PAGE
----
Thompkins makes various arguments that his answers to questions from the detectives were inadmissible. He first contends that he “invoke[d] his privilege” to remain silent by not saying anything for a sufficient period of time, so the interrogation should have “cease[d]” before hemade his inculpatory statements. Id., at 474; see Mosley, 423 U. S., at 103 (police must “‘scrupulously hono[r]’” this “critical safeguard” when the accused invokes his or her“‘right to cut off questioning’” (quoting Miranda, supra, at 474, 479)).
This argument is unpersuasive. In the context of invok-ing the Miranda right to counsel, the Court in Davis v. United States, 512 U. S. 452, 459 (1994), held that a sus-pect must do so “unambiguously.” If an accused makes a statement concerning the right to counsel “that is ambiguous or equivocal” or makes no statement, the police are not required to end the interrogation, ibid., or ask questions toclarify whether the accused wants to invoke his or her Miranda rights, 512 U. S., at 461–462.
The Court has not yet stated whether an invocation of the right to remain silent can be ambiguous or equivocal,but there is no principled reason to adopt different stan-dards for determining when an accused has invoked the Miranda right to remain silent and the Miranda right to counsel at issue in Davis. See, e.g., Solem v. Stumes, 465 U. S. 638, 648 (1984) (“[M]uch of the logic and language of [Mosley],” which discussed the Miranda right to remain silent, “could be applied to the invocation of the [Miranda right to counsel]”). Both protect the privilege againstcompulsory self-incrimination, Miranda, supra, at 467– 473, by requiring an interrogation to cease when either right is invoked, Mosley, supra, at 103 (citing Miranda, supra, at 474); Fare v. Michael C., 442 U. S. 707, 719 (1979).
There is good reason to require an accused who wants to invoke his or her right to remain silent to do so unambiguously. A requirement of an unambiguous invocation of Miranda rights results in an objective inquiry that“avoid[s] difficulties of proof and . . . provide[s] guidance to officers” on how to proceed in the face of ambiguity. Davis, 512 U. S., at 458–459. If an ambiguous act, omission, or statement could require police to end the interrogation, police would be required to make difficult decisions about an accused’s unclear intent and face the consequence of suppression “if they guess wrong.” Id., at 461. Suppres-sion of a voluntary confession in these circumstanceswould place a significant burden on society’s interest inprosecuting criminal activity. See id., at 459–461; Moran v. Burbine, 475 U. S. 412, 427 (1986). Treating an am-biguous or equivocal act, omission, or statement as an invocation of Miranda rights “might add marginally to Miranda’s goal of dispelling the compulsion inherent in custodial interrogation.” Burbine, 475 U. S., at 425. But “as Miranda holds, full comprehension of the rights toremain silent and request an attorney are sufficient todispel whatever coercion is inherent in the interrogationprocess.” Id., at 427; see Davis, supra, at 460.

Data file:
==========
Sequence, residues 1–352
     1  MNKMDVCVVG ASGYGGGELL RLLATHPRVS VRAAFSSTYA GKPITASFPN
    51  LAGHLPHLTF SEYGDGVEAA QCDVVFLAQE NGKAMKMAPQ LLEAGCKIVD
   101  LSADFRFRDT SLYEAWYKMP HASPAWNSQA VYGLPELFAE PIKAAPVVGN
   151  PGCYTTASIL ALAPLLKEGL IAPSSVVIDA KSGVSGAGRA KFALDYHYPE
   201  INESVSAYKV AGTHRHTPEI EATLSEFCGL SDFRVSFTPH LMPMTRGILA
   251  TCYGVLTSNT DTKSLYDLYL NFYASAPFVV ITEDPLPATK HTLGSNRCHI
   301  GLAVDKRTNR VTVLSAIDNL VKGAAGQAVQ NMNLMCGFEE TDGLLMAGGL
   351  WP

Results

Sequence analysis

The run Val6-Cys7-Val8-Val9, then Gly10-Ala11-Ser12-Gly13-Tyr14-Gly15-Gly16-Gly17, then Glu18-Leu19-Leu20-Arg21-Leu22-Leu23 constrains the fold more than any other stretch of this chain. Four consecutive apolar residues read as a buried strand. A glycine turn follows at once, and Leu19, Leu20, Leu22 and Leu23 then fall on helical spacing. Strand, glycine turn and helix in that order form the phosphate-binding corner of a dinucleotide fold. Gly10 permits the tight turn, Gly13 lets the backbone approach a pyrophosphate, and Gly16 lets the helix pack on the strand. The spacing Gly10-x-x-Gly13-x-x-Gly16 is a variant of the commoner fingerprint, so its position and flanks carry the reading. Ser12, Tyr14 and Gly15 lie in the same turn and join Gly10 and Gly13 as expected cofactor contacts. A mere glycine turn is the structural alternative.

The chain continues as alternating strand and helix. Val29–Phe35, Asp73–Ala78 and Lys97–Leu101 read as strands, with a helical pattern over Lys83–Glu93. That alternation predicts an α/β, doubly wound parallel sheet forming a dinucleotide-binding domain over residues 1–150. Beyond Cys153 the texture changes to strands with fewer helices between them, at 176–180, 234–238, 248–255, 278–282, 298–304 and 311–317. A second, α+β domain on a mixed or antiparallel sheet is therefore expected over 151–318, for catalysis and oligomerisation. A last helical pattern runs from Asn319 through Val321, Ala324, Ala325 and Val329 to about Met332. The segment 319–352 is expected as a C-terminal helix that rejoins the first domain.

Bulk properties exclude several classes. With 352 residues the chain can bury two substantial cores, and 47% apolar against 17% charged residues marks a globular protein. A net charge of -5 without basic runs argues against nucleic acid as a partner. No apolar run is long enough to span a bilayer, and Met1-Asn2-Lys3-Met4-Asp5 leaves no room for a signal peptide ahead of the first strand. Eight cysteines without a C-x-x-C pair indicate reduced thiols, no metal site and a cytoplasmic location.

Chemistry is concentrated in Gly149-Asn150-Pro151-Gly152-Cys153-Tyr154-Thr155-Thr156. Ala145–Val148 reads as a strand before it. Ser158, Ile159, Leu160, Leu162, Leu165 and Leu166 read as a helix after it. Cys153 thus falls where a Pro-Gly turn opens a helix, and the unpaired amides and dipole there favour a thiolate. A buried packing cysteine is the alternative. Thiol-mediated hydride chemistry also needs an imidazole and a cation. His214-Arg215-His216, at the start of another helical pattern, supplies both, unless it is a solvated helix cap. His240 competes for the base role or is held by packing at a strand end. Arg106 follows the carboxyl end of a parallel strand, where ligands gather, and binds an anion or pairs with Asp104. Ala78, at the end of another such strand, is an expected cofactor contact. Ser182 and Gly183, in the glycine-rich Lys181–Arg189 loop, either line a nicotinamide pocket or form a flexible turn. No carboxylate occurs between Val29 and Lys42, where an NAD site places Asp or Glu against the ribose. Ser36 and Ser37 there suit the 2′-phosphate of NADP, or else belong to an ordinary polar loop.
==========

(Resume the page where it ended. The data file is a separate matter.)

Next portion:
Thompkins did not say that he wanted to remain silentor that he did not want to talk with the police. Had he made either of these simple, unambiguous statements, he would have invoked his “‘right to cut off questioning.’” Mosley, supra, at 103 (quoting Miranda, supra, at 474). Here he did neither, so he did not invoke his right to re-main silent.
Although Miranda imposes on the police a rule that is both formalistic and practical when it prevents them from interrogating suspects without first providing them with a Miranda warning, see Burbine, 475 U. S., at 427, it does not impose a formalistic waiver procedure that a suspect must follow to relinquish those rights. As a generalproposition, the law can presume that an individual who,with a full understanding of his or her rights, acts in a manner inconsistent with their exercise has made a delib-erate choice to relinquish the protection those rights af-ford. See, e.g., Butler, supra, at 372–376; Connelly, supra, at 169–170 (“There is obviously no reason to require more in the way of a ‘voluntariness’ inquiry in the Miranda waiver context than in the [due process] confession context”). The Court’s cases have recognized that a waiver of Miranda rights need only meet the standard of Johnson v. Zerbst, 304 U. S. 458, 464 (1938). See Butler, supra, at 374–375; Miranda, supra, at 475–476 (applying Zerbst standard of intentional relinquishment of a known right).As Butler recognized, 441 U. S., at 375–376, Miranda rights can therefore be waived through means less formal than a typical waiver on the record in a courtroom, cf. Fed.Rule Crim. Proc. 11, given the practical constraints andnecessities of interrogation and the fact that Miranda’s main protection lies in advising defendants of their rights, see Davis, 512 U. S., at 460; Burbine, 475 U. S., at 427.
The record in this case shows that Thompkins waived his right to remain silent. There is no basis in this case to conclude that he did not understand his rights; and on these facts it follows that he chose not to invoke or rely onthose rights when he did speak. First, there is no conten-tion that Thompkins did not understand his rights; and from this it follows that he knew what he gave up when he spoke. See id., at 421. There was more than enough evidence in the record to conclude that Thompkins understood his Miranda rights. Thompkins received a written copy of the Miranda warnings; Detective Helgert determined that Thompkins could read and understand English; and Thompkins was given time to read the warnings. Thompkins, furthermore, read aloud the fifth warning,which stated that “you have the right to decide at any timebefore or during questioning to use your right to remainsilent and your right to talk with a lawyer while you are being questioned.” Brief for Petitioner 60 (capitalization omitted). He was thus aware that his right to remain silent would not dissipate after a certain amount of time and that police would have to honor his right to be silent and his right to counsel during the whole course of interrogation. Those rights, the warning made clear, could be asserted at any time. Helgert, moreover, read the warn-ings aloud.